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INDIAN AEROSPACE an OVERVIEW

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Title: INDIAN AEROSPACE an OVERVIEW


1
INDIAN AEROSPACE an OVERVIEW
  • 10 September 2012

2
Expect from this presentation
  • Country Profile
  • Indian Aerospace Sector
  • Projects and programmes
  • What is in it for you
  • How to get there

3
Country profile- India
4
Variety and vibrations galore.
5
Variety and vibrations galore.
6
Worlds largest democracy
  • Population 1.2b
  • GDP 1.85 Trillion
  • Service industry accounts for 57.2 of
    GDPIndustrial and agricultural sectors
    contribute 28.6 and 14.6 respectively.
  • Real Growth rate 6.5 (2012 est.)
  • Foreign Exchange Reserve 308b (7 Apr 2011)
  • PPP index 3.6
  • 1 Rs 70
  • Balance of trade5.6b(-)

The world's largest democracy and second most
populous country emerged as a major power in the
1990s. It is militarily strong, has major
cultural influence and a fast-growing and
powerful economy. - BBC
7
Inflation competing with growth rate
  • Growth rate Inflation ranking

Growth Rate
Inflation
8
Policies, schemes..
  • Foreign Direct Investment Regulations
  • In a recent AT Kearny study, India has displaced
    US to become second most-favoured destination for
    Foreign Direct Investment (FDI), after China. In
    many other surveys by UNCTAD, Bank of Japan and
    others, India ranks among top 5 destinations for
    FDI.
  • In India, the current limits to the FDI in
    aviation/aerospace fields are
  • Defense and Strategic Industries 26 and subject
    to License from Defense Ministry.
  • Manufacturing100 restriction for investing in
    Small Scale Industry24
  • Airport Infrastructure74(49 for major
    airports), 100 for Greenfield airports Ground
    Handling49
  • Domestic Airlines49but Foreign Airlines are
    not allowed to invest in Domestic Airlines
  • Repatriation of Profits from India procedures
    simplified
  • SEZ 100 income tax exemption for a block of
    five years50 tax exemptions for two years
    thereafter up to 50 of the Profits ploughed
    back for next 3 years under S.10-A of Income Tax
    Act
  • Offset Policy30-50 offset for gtUSD70m deal
  • Corporate Tax36.05 (Domestic Companies)43.78
    ( Foreign Companies)

9
Offset..
  • Offset Policy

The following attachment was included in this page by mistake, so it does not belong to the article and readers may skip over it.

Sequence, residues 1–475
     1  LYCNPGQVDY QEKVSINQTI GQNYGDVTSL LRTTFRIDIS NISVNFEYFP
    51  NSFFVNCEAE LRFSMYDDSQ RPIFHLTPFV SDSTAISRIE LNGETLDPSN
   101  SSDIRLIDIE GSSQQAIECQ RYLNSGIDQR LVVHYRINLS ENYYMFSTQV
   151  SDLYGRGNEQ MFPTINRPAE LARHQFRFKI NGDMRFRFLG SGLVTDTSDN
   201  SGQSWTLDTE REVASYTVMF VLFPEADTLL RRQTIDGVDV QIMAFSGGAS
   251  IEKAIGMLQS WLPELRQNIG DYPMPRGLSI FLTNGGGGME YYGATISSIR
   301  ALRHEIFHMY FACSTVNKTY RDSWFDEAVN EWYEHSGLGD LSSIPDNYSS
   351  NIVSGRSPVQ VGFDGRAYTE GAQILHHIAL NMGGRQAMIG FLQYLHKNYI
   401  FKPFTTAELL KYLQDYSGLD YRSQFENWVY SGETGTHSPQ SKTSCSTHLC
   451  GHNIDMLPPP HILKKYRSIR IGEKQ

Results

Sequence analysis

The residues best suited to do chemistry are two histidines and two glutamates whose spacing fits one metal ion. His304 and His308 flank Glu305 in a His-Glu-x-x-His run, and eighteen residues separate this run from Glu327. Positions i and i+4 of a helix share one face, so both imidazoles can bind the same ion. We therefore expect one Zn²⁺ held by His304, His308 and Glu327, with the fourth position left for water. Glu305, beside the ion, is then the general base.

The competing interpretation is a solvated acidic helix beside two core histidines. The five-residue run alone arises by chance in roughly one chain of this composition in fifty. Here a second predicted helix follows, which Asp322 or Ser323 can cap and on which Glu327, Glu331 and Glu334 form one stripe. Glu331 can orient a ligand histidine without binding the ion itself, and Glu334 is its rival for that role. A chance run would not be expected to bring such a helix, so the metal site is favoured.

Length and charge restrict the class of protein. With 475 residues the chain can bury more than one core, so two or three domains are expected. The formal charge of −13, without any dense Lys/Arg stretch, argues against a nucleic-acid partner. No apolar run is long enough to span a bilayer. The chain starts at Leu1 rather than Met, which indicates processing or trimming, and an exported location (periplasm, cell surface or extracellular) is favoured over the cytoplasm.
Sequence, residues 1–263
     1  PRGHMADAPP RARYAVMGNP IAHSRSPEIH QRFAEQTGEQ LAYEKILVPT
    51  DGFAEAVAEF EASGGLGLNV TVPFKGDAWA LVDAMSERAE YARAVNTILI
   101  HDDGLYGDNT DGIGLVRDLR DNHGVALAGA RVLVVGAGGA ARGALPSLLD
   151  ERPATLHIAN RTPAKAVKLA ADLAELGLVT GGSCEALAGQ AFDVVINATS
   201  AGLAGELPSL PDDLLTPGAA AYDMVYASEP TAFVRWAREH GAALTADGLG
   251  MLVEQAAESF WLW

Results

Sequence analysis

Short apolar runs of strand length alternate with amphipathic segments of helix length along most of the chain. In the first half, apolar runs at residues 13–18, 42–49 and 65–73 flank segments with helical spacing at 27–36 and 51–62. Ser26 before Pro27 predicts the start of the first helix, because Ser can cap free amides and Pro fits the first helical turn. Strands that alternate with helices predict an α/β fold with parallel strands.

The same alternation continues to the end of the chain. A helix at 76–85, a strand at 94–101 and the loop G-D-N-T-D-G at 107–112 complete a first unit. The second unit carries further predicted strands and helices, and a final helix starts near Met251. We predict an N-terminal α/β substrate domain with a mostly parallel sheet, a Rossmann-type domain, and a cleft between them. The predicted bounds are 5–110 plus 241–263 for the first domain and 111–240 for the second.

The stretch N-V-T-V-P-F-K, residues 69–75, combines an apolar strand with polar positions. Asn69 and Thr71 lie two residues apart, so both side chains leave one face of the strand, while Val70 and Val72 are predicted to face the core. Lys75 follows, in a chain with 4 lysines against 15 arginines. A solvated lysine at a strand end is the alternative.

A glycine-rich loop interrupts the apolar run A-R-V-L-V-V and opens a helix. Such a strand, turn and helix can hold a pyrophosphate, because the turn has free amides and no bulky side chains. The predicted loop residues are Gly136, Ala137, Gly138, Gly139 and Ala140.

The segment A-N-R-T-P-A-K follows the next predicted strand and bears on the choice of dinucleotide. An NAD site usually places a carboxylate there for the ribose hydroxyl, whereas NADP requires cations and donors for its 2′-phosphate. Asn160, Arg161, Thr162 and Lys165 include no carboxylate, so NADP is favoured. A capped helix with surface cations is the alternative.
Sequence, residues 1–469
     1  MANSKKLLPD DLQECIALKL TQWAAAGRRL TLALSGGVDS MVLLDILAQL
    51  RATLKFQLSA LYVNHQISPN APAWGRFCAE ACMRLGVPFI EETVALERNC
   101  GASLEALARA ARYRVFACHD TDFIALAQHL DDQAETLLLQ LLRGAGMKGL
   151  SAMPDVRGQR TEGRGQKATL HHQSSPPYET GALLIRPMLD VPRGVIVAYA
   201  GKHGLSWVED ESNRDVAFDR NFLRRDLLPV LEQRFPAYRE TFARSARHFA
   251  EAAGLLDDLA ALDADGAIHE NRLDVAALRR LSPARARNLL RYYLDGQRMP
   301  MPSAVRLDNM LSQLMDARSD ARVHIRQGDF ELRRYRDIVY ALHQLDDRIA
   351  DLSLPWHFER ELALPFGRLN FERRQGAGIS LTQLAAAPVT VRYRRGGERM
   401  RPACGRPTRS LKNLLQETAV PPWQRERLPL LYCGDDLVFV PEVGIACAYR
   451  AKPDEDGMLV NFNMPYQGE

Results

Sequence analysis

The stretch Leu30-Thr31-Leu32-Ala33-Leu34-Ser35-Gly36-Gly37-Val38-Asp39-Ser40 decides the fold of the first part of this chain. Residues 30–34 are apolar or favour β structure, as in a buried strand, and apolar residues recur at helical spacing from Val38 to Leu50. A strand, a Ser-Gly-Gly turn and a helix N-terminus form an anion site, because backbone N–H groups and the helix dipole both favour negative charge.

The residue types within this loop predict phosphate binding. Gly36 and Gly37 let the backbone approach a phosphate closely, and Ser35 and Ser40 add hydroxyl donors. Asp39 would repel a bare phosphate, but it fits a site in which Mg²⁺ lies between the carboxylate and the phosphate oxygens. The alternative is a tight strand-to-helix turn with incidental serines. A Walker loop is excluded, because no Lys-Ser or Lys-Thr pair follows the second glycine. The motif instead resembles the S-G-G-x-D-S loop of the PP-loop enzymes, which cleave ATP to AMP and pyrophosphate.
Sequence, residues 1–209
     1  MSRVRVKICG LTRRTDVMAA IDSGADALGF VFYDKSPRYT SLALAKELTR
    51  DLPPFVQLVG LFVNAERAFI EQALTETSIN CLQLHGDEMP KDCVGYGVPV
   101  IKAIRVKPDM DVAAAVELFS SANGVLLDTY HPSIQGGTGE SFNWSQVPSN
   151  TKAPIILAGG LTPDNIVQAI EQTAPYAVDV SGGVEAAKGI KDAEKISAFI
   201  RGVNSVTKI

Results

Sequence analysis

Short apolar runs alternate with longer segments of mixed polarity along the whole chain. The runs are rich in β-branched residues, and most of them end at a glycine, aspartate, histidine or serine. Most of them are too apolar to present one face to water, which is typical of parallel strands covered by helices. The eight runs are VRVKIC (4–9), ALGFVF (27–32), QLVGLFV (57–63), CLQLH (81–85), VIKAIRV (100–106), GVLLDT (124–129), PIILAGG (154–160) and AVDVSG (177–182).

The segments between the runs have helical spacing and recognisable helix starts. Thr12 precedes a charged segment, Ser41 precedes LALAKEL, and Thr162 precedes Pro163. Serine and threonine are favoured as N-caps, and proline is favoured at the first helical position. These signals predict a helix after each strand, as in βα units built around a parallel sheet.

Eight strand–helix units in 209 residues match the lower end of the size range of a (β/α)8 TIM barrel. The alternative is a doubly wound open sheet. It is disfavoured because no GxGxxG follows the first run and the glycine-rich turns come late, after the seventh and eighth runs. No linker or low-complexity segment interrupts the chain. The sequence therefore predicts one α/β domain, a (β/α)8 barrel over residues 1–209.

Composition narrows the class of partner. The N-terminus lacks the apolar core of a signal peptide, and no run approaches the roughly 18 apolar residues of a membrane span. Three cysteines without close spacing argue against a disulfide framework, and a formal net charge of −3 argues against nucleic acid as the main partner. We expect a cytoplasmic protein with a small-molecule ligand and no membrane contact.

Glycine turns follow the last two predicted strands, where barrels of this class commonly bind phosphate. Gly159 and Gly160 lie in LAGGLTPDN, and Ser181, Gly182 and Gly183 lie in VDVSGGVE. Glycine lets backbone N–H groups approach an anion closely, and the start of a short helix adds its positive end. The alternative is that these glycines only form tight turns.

• Indias offset policy requires the sellers of
    Civil defence aerospace products to India to
    invest 30 to 50 percent of the deal value in
    India, if the deal crosses 70 million, by means
    of Investments ,setting up training facilities,
    sourcing aerospace defence components or
    sourcing of Engineering IT Services. The offset
    policy, formulated by the State, relating to
    defense procurements has also been extended to
    the purchases of state owned carriers like, Air
    India. 
  • DOFA (Defence Offset Facilitation Agency), a
    Government organization is tasked with
    facilitation of implementation of the Offset
    policy. STC (State Trading Corporation) monitors
    offset compliance for the civil sector. It is
    expected that civil offset monitoring process
    would be spelt out in the new Civil Aviation
    Policy to be released .

10
SEZ .
  • Special Economic Zones
  • SEZs are being created across the country for
    easing of trade. A business unit in an SEZ has to
    become net foreign exchange earner within 3
    years.
  •  
  • Key Benefits
  • Exemption from customs duty on import of capital
    goods, raw materials, consumables and spares
  • Exemption from Central Excise duty on procurement
    of capital goods, raw materials, consumables,
    spares, etc. from the domestic market
  • 100 income tax exemption on export income for
    SEZ units under Section 10AA of Income Tax Act
    for first five years50 tax exemptions for next
    five years thereafter, 50 of the ploughed back
    export profit for next 5 years.
  • Reimbursement of Central Sales Tax paid on
    domestic purchases.
  •  
  • SEZ in aviation/aerospace sector
  • So far, three SEZs have been approved SEZ by GMR
    Hyderabad International Limited in Hyderabad,
    another SEZ by Quest in Belgaum for aerospace and
    defence manufacturers and yet another by Andhra
    Pradesh Industrial Infrastructure Corporation
    Limited (APIIC) in Ranga Reddy District of Andhra
    Pradesh for Aerospace and Precision Engineering
    Industries
  • Additionally, in principle approvals have been
    given for three SEZs Aerospace SEZ, by KIADB in
    Karnataka, Taneja Aerospace and Aviation Limited,
    Hosur, Tamil Nadu (Airport/Aviation, including
    MRO) and Lepakshi Aerospace Park, Anantpur,
    Andhra Pradesh(Aerospace and Defence
    Cluster)more SEZs have been applied for and will
    be emerge on the scene soon.

11
Indian Aerospace Sector
12
What Characterises Indian Aerospace sector
  • Seven decades old with very slow initial growth
    now growing _at_20
  • HAL, ISRO (Indian Space Research Organisation),
    DRDO and NAL are lead organizations.
  • Large Business houses in India (TATA, Mahindra,
    LT and Godrej), shy of aerospace so far, have
    entered the fray in last three years.
  • 185 organizations (including their branches) have
    AS9100 certification (OASIS database)
  • The giants of the aerospace industry like Boeing,
    Airbus, UTC, BAe Systems, Rolls-Royce, Safran,
    Honeywell, GE, Bell Textron etc have set up JVs
    or Technical Centres to support the hardware they
    are selling to India and to also tap into the